These divide into emotional drivers or outcomes (such as money or status) or a combination of the two. It is helpful to know what yours are before you start.

There are 5 Easy Steps which must be completed thoroughly, and in strict order
1.    Planning
2.    Writing
3.    Editing
4.    Publishing
5.    Promotion

100 hours should be enough time to go through these stages. Although most people take 200 hours, and spread them through several years.
An average book is around 50,000 words which equals around 150 pages. Researching a subject can add time to the process.

Sales of 20,000 copies is a realistic target for success. Very few authors sell more.

Three main publishing options

Traditional        Cooperative        Self-Publishing
(you do it all yourself)

Time            12-18 months        3 months        2 to 3 months

Financial        no author inv.        £1,000 to £5,000    £1,000 to £5,000

Control        publisher        author            author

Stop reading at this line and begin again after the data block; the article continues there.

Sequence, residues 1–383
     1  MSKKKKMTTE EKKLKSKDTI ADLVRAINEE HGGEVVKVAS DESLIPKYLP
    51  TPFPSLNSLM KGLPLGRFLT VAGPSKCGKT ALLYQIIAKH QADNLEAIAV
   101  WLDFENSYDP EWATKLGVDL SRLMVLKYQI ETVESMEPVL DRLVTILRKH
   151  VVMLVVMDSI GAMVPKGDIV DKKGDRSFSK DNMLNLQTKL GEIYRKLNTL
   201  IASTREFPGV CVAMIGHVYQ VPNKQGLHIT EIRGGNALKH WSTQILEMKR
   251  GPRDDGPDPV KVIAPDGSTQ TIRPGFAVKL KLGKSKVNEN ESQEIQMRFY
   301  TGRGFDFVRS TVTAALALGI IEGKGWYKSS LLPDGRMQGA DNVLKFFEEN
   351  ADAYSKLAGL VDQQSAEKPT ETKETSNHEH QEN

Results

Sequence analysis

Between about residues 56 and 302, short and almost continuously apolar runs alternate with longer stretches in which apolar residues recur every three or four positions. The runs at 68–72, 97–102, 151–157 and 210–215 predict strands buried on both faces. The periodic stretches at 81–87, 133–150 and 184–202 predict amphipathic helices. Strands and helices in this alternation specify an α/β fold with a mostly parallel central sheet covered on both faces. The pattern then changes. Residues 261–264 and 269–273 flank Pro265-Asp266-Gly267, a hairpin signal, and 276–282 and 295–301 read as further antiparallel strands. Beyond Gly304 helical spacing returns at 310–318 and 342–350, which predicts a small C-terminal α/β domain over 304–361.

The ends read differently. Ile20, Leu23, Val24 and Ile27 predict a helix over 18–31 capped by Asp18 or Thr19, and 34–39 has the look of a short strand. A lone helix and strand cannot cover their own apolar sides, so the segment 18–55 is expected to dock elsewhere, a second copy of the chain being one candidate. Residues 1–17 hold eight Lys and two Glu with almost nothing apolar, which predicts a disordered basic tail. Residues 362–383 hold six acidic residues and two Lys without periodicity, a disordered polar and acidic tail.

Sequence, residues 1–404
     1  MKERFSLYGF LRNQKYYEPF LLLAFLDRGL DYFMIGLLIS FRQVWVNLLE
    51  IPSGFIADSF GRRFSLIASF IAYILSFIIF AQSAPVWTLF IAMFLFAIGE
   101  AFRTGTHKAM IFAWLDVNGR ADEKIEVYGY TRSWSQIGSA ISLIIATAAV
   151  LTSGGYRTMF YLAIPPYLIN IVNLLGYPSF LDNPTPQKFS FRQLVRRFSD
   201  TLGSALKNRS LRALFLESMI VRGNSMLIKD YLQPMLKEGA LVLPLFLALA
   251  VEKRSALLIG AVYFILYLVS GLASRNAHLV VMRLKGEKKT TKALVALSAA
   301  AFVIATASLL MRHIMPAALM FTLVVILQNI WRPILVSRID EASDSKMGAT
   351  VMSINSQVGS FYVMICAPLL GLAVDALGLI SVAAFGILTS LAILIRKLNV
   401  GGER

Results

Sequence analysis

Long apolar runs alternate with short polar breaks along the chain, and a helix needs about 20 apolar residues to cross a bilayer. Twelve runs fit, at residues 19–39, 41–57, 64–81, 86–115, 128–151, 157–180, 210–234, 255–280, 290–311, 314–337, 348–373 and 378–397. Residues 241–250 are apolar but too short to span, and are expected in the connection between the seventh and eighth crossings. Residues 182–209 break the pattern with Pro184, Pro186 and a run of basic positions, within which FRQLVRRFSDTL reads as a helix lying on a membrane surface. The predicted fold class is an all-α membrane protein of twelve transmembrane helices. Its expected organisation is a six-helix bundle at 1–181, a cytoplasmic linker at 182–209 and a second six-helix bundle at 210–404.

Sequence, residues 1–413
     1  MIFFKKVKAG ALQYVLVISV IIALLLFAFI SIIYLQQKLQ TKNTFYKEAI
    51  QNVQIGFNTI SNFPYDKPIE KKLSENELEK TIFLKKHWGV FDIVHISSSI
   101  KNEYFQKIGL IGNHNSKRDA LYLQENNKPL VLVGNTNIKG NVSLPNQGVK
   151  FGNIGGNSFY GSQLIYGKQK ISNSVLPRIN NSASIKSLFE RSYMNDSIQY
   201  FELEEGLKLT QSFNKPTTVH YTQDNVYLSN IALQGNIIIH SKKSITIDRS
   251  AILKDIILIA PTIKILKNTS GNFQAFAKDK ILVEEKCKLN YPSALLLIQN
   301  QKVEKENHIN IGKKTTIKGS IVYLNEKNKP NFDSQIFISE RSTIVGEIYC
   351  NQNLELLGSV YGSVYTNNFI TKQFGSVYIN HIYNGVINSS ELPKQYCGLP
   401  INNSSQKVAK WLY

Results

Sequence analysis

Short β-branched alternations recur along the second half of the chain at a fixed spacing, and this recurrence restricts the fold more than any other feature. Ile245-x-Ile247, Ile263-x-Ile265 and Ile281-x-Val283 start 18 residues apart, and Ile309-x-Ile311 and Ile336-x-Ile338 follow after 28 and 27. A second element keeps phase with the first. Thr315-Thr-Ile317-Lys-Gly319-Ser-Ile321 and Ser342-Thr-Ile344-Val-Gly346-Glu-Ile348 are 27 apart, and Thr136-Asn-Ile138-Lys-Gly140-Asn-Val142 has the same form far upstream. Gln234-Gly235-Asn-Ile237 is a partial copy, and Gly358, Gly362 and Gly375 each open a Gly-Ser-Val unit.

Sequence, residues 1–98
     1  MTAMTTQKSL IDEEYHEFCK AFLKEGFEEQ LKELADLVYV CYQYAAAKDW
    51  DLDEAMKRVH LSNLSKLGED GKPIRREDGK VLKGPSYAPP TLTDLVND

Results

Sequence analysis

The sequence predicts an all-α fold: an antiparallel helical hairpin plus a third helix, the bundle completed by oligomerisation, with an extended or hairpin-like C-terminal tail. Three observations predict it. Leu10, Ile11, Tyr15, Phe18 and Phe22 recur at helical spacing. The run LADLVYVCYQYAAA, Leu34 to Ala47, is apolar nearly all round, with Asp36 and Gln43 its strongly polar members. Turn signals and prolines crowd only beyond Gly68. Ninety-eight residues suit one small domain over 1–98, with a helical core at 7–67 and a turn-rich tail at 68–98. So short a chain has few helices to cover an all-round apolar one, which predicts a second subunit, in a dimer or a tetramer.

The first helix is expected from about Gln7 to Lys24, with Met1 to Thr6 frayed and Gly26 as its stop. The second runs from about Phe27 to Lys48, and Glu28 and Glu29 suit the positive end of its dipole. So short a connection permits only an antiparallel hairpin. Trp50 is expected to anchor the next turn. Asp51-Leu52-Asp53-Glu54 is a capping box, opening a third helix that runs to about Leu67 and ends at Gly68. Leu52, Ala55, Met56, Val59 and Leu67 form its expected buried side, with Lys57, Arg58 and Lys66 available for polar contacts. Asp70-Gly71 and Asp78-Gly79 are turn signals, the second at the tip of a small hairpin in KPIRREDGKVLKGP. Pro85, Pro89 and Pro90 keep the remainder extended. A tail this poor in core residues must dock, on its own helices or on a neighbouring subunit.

Rights            they keep        you keep        you keep

Likelihood of        1%            100%            100%
being published

Cooperative Publishing:

Traditional model
£10 book – publisher takes £6, from remaining £4, author gets around 20p
•    You will be very lucky to find a publisher

Self-Publishing
£10 book – printing £2.50, shop takes £6.00 leaving £1.50 for author
•    Are you prepared for all the leg-work involved in finding editors, printers and promoters?

Cooperative Publishing
£10 book – pay 80p royalty for publishing and distribution – author buys £4.50 each for their own use.
•    Hybrid ‘best of both worlds’, full turnkey solution
•    Keep control and rights
•    Low cost of entry
•    Timescales similar to self-publishing

Planning
Very difficult to do on your own. Get input from someone you trust.
A lot of people start with their stories which is a mistake.
According to Mindy there is no such thing as writers block (see Mindy’s article via Google ???)

Writing tips
•    Be yourself – don’t edit yourself as you go along – save that to later when you have finished your first draft (ideally).

Editing is essential
But make sure you save this activity to the end, when you have finished your first draft.

People do judge a book by its cover
Make sure your cover is exiting and relevant

Promoting your book
Too many authors think their work is done once the book is written.
Mindy suggests two to four hours a week of promotional activities after it is published.

Leave a Reply

Your email address will not be published. Required fields are marked *